ICAC reviews drug-testing after Post report

PUBLISHED : Sunday, 30 September, 2001, 12:00am
UPDATED : Sunday, 30 September, 2001, 12:00am

The ICAC has launched a review of drug-testing by the Correctional Services Department, after the Sunday Morning Post uncovered the doctoring of samples.

An Independent Commission Against Corruption spokeswoman refused to give details of the review - by the anti-graft body's Corruption Prevention Department - only saying it was intended to improve the system's reliability.

Last month the Post revealed that urine samples from recovering drug addicts who had been released from jail were being logged as drug-free when they were not.

In some cases, sources said, CSD sample-takers swapped the former inmates' samples with their own urine in order to give a negative test.

An insider revealed that the practice was carried out in order to make it look like the rehabilitation system was working.

The ICAC spokeswoman said the review was the second of its kind, another had been carried out in 1999. The previous review recommended the present random-checking system.

She would not be drawn on how far the present review had got or if the ICAC believed there was a need for a third-party monitoring of the sampling process.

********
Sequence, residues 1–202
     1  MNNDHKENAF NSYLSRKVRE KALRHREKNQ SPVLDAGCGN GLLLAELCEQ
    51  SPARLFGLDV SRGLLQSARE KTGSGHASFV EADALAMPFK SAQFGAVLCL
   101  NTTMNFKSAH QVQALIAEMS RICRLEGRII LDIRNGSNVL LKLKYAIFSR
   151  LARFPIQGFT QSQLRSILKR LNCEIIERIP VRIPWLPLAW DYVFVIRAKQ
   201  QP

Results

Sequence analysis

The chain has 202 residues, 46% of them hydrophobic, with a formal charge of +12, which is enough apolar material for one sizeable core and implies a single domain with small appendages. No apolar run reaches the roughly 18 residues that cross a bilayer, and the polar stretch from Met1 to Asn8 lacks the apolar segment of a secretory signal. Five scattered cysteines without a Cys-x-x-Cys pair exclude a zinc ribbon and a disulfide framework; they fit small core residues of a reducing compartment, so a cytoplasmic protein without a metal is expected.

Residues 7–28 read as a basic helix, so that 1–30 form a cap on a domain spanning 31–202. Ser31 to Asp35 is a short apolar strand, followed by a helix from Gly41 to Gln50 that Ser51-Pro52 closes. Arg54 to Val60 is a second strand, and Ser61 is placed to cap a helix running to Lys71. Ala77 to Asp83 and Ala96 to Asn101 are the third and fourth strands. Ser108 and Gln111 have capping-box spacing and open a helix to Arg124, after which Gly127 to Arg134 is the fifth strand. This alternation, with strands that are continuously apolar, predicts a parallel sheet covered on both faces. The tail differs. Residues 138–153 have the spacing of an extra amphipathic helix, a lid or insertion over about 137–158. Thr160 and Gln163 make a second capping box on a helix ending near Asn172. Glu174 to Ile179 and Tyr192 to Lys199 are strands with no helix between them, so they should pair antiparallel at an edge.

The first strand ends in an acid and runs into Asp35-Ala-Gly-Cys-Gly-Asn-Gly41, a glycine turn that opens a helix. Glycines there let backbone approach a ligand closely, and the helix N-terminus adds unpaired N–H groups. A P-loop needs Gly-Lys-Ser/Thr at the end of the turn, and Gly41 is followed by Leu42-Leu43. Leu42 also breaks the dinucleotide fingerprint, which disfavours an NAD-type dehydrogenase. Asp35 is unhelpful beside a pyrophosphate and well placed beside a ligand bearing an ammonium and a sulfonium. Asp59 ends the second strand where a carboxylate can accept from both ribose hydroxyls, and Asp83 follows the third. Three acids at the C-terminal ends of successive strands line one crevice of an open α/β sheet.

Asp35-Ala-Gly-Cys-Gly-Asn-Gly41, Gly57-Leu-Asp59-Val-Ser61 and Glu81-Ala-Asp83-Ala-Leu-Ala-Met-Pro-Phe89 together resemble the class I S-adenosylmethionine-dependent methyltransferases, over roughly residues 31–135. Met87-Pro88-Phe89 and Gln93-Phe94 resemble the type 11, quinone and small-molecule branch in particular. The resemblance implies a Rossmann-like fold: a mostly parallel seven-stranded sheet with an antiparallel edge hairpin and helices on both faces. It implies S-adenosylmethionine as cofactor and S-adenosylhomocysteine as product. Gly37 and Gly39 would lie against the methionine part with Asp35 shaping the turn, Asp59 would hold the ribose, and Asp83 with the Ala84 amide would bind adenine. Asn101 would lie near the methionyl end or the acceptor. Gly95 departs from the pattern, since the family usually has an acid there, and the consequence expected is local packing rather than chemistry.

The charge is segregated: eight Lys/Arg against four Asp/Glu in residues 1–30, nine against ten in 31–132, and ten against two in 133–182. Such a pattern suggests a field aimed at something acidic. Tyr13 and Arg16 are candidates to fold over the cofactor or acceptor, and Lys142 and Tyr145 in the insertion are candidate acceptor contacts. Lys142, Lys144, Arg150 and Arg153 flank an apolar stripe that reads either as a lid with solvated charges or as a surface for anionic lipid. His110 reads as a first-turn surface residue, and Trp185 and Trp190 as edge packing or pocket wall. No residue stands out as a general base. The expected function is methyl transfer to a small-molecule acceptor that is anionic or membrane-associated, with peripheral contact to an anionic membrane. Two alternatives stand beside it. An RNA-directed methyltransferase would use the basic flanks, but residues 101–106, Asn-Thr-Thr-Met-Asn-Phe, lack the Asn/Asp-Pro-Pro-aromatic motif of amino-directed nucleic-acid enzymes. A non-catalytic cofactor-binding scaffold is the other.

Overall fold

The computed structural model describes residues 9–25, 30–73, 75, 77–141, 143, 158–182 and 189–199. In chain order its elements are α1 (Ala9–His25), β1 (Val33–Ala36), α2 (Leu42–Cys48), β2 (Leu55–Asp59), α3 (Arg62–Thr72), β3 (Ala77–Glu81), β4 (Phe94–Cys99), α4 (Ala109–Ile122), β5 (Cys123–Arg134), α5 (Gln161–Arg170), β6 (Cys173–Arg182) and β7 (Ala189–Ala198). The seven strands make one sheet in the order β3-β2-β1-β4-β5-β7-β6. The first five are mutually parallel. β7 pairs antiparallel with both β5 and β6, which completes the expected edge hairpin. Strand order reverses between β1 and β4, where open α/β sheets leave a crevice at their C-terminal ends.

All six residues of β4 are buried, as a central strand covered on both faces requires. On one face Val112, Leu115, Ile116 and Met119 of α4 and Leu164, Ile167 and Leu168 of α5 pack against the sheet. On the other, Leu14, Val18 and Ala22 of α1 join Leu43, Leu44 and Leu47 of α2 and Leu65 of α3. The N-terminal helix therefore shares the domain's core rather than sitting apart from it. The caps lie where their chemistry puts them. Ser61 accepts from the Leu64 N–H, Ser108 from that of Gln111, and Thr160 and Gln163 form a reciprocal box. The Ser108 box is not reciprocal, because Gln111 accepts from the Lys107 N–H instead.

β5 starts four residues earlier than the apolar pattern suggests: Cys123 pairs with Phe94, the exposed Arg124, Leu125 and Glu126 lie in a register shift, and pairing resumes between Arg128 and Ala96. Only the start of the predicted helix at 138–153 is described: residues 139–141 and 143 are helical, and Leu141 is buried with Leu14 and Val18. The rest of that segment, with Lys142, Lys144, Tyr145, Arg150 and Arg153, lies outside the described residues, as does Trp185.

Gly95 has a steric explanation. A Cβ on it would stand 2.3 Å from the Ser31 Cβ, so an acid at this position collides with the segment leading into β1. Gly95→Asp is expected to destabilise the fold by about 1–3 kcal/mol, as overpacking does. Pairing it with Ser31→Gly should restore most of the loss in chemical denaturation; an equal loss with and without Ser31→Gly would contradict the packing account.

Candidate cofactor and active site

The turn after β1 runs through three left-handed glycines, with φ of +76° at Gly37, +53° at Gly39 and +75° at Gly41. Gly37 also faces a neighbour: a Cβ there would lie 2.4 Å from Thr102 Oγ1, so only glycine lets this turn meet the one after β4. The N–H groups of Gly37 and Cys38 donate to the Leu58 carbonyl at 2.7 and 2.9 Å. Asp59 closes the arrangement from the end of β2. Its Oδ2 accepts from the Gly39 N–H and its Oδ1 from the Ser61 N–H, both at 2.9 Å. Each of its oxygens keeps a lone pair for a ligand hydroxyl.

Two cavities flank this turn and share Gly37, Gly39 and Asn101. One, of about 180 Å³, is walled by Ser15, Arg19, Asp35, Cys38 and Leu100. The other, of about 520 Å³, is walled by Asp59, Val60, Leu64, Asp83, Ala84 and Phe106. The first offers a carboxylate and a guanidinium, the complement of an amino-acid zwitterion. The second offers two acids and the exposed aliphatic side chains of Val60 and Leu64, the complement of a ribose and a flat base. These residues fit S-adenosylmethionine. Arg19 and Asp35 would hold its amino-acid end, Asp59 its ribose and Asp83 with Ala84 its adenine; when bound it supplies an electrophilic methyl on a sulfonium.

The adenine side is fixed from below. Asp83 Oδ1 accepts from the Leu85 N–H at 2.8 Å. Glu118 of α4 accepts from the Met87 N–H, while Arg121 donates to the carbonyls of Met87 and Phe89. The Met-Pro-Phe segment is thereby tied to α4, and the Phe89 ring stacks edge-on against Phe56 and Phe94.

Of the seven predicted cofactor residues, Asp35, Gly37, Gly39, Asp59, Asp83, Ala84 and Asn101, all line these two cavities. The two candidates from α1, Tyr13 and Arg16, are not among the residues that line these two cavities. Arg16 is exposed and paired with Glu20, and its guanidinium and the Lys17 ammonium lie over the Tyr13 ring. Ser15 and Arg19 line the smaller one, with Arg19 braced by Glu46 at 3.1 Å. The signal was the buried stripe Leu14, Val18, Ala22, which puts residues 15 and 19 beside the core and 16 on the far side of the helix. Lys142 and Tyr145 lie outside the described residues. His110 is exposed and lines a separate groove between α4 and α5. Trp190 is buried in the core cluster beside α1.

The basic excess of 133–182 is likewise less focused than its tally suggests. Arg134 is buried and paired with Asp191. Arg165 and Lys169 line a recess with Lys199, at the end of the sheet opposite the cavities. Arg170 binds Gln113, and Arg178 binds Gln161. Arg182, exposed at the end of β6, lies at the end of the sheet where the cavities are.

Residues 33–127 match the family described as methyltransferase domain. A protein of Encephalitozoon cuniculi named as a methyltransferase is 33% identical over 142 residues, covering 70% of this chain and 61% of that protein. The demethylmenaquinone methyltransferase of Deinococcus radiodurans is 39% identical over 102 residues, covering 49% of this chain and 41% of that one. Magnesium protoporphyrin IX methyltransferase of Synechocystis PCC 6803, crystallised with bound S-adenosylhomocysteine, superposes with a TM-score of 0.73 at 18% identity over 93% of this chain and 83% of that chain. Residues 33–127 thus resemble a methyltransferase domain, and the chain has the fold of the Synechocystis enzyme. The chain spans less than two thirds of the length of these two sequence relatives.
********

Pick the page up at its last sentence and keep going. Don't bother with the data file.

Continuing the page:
But she said: 'We are currently conducting a study to review the urine-taking procedures. It would not be appropriate for us to comment on specific aspects of an ongoing study, but we will ensure adequate safeguards are built into the CSD's system.'

Under present laws, the sampling process is carried out by CSD after-care officers, although senior officers conduct random checks on samples.

Addicts who pass the urine test are free from being recalled to CSD treatment centres in Hei Ling Chau or Chi Ma Wan.

Hong Kong claims the abstinence rate among former addicts is 70 per cent in the 12 months after the addicts are released. Other countries' rates average between 20 and 50 per cent.

The CSD, which manages Hong Kong's jails, maintains there is a lack of evidence pointing to a prevalence of any malpractice, but it could not rule out 'isolated cases'.

However, addicts, social workers and various well-placed sources all confirmed to the Post that malpractice existed. Some addicts said they had been given 'chances'.

Lawmakers James To Kun-sun and Emily Lau Wai-hing have demanded answers from the Security Bureau and called for improvements to the system.